Heat illness and just general heat-related fatigue can increase the risk of trips and falls. Any worker on a rooftop during the summer must be protected with OSHA approved fall protection equipment, including guard rail systems or a safety railing. It’s also important to do what you can to schedule work hours during cooler parts of the day. Many employees would rather wake up and start work early, so they can end their workday before the heat is at its strongest.

Teach all employees to identify the signs of heat illness and call for help if they suspect someone is at risk. These signs include:

  • Download Rooftop Safety Audit GuideRash
  • Muscle spasms and cramps
  • Excessive sweating
  • Headache
  • Nausea
  • Weakness
  • Irritability
  • Pale, cool skin—or red, hot skin (indicating an even more serious issue)
  • Confusion
  • Rapid pulse
  • Dizziness and fainting
  • Loss of consciousness

Hot temperatures also lead to hot surfaces, putting employees at risk of burns when they touch those metal handles, machines, and more.

Humidity: Southwest, Midwest

Heat and humidity often go hand-in-hand, with humidity making the heat feel worse. Humidity requires many of the same precautions you would take with the heat, especially when it comes to fall protection. Make sure no one on the job is avoiding the use of safety gear because of discomfort from the weather. Harnesses and helmets should still be tightly secured. Quick-dry clothing is a good choice in these conditions. Beware of slick surfaces and, as always, be ready to call the day off if the heat index is too high.

Rain: Northwest, Midwest, Northeast, Southeast

A wet surface creates a slip-and-fall hazard, and guard rail systems can only do so much. Make sure that a safety railing is in place, but always inspect the surface for wet areas. Consider the use of non-slip or absorbent mats to help protect your workers.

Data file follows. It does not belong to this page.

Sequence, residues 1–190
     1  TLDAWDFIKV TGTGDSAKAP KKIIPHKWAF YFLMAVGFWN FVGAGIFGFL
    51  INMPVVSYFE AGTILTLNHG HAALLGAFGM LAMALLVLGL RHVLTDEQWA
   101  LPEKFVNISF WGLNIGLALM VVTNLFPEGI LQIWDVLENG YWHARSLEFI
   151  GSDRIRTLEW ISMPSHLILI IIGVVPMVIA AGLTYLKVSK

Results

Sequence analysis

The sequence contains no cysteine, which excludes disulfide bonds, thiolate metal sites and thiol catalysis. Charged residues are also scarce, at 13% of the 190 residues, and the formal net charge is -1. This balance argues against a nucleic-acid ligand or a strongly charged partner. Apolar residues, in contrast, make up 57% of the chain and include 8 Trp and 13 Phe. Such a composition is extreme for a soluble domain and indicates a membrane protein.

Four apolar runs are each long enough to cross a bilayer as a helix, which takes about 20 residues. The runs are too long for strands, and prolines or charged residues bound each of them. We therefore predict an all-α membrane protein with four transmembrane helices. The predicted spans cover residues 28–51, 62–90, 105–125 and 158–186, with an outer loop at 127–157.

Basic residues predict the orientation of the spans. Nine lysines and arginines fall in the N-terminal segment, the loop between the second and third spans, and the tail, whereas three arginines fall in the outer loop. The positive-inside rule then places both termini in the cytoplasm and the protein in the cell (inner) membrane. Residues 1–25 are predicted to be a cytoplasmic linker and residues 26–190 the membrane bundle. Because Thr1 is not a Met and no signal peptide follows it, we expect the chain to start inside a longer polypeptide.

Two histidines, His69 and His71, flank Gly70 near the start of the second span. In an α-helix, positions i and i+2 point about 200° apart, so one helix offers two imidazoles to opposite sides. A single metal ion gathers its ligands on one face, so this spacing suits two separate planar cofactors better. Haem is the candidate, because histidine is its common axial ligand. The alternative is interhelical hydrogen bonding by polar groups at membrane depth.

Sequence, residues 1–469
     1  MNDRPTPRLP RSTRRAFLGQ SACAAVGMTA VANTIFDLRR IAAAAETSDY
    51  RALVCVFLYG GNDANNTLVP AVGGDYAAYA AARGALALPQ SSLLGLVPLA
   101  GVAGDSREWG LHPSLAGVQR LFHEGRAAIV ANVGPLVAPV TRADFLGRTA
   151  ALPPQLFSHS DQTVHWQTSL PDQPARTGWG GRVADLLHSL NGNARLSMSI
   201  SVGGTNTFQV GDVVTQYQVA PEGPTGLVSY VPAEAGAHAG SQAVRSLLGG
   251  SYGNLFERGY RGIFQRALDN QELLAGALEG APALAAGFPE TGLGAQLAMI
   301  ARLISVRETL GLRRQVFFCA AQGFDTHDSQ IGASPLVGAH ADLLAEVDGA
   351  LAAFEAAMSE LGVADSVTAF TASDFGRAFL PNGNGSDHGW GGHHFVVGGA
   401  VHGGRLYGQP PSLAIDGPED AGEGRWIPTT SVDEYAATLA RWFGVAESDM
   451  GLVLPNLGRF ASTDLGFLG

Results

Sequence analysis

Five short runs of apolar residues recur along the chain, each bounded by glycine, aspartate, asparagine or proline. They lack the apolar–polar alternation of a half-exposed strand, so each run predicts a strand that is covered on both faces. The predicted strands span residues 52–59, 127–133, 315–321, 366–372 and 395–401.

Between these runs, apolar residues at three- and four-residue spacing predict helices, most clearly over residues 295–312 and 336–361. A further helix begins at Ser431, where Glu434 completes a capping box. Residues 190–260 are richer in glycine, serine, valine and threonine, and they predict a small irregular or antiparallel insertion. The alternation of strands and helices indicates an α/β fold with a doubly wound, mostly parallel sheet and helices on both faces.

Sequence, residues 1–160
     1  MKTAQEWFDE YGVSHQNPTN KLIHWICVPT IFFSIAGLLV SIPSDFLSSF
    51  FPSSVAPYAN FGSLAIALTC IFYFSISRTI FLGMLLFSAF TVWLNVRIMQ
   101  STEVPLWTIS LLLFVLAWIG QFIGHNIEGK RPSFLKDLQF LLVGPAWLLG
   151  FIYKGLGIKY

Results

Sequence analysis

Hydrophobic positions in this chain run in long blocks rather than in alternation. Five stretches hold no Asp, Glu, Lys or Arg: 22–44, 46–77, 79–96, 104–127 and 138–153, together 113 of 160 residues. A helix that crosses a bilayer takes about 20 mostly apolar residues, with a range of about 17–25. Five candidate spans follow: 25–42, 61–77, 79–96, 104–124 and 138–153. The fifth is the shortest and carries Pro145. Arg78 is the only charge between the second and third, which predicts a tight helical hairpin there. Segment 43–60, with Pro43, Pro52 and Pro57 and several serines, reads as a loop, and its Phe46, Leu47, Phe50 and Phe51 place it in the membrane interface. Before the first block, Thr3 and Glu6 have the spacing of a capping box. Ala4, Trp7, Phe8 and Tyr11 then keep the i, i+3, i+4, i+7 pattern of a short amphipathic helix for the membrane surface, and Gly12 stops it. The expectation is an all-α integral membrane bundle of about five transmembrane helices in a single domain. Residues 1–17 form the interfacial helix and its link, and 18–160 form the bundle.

Rain can also create a visibility issue; wet equipment is a concern if it may slip from an employee’s hands. Rain combined with wind or cold temperatures can put people at a greater risk for frostbite or hypothermia.

Wind: Midwest

Strong winds pose an incredible hazard when working on an elevated surface. A strong gust could actually cause a worker to lose balance, but it can also blow equipment and debris or cause an employee to lose control of equipment or materials.

The Occupational Safety and Health Administration normally considers winds exceeding 64.4 kilometers per hour (40 miles per hour), or 48.3 kilometers per hour (30 miles per hour) if the work involves material handling, as meeting this criteria, unless the employer takes precautions to protect employees from the hazardous effects of the wind.

Guard railings are an important step in preventing falls due to winds, but strong wind may require other safety precautions. In the Midwest, tornadoes are also a consideration. If there is any chance of a tornado, the job site should be abandoned for the day. Listen carefully to weather reports and clear the area as soon as you realize you’re at risk.

Your roof fall protection strategy needs to include consideration for all the weather conditions your region may face during a particular season. Thorough employee training, guard rail systems, proper inspection and care of equipment and working surfaces, and employees who are empowered to identify risks and ask for assistance are all part of keeping your team safe. For more information about guard railings and other OSHA-compliant roof fall protection, please contact us.

Posted by BlueWater

Comments are closed.